How did the idea for "For the Bible Tells Me So" come about...

"Last week I bought the gun. Yesterday I wrote the note. Last night I happened to see your program on PBS and just knowing that someday I may be able to go back into my church holding my head high, I dropped the gun into the river. My mom never hast to know."

This email message, which I received from a gay kid in Iowa back in 1998, was what inspired me to make "For the Bible Tells Me So." I had produced a segment for "In the Life" about an African American woman at the Harvard Divinity School who was a woman of deep faith and who also happened to be a lesbian. Because there had been so few examples of faithful gay people in the media, her open expression of her faith and her sexuality during the piece was a revelation for many, including the gay kid from Iowa who sent the email. It was clear to me that something more had to be done.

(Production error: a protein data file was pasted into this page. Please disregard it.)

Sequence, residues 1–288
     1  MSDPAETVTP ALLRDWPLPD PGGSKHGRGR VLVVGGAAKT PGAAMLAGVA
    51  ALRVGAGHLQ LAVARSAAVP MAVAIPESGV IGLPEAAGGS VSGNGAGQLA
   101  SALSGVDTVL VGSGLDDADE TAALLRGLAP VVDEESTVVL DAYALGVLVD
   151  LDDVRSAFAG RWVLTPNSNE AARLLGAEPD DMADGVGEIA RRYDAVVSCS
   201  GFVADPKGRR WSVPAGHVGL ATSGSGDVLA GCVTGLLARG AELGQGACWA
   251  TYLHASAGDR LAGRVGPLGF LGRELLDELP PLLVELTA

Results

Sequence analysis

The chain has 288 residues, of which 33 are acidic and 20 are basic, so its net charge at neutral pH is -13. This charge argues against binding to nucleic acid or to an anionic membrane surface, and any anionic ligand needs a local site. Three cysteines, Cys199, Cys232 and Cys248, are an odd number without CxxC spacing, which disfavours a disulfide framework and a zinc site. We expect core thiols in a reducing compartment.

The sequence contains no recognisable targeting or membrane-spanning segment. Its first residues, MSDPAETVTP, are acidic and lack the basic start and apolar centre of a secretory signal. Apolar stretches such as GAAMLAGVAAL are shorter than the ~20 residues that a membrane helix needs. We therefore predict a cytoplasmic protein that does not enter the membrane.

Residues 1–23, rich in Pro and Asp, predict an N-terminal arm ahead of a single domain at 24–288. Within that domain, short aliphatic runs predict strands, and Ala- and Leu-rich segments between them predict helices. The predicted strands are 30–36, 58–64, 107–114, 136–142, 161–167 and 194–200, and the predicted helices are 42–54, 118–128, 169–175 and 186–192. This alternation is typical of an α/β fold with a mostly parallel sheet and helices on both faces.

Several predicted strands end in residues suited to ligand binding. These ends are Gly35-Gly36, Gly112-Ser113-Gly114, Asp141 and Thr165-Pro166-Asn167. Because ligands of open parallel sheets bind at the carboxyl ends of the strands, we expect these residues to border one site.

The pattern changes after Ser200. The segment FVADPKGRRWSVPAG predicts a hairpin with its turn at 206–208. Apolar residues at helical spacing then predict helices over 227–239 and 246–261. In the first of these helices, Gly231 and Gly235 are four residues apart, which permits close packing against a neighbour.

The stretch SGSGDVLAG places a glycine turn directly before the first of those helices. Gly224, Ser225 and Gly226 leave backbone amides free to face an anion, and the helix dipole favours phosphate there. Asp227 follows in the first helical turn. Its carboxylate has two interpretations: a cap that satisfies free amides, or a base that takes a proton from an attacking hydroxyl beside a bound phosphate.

The last respectable discrimination in America is homophobia (think 'Don't Ask, Don't Tell'), and that discrimination is, at its core, based on religious dogma. We live in a society where it is a given that the Bible condemns homosexuality, and that message leads young kids who are just realizing that they are gay to serious thoughts of suicide.

Unfortunately, the religious right has been so effective at defining this debate that few people know that there are major theologians and Biblical scholars who say something very different about God and gays. I made the film specifically to expose the world to these other Christians, the ones who believe their religion is about love, not hate and separation.

The Gephardt family in a scene from Daniel Karslake's "For the Bible Tells Me So." Image courtesy of First Run Features.

It's my hope that "For the Bible Tells Me So" will open this conversation up to an even broader audience, so minds can be changed and lives can be saved.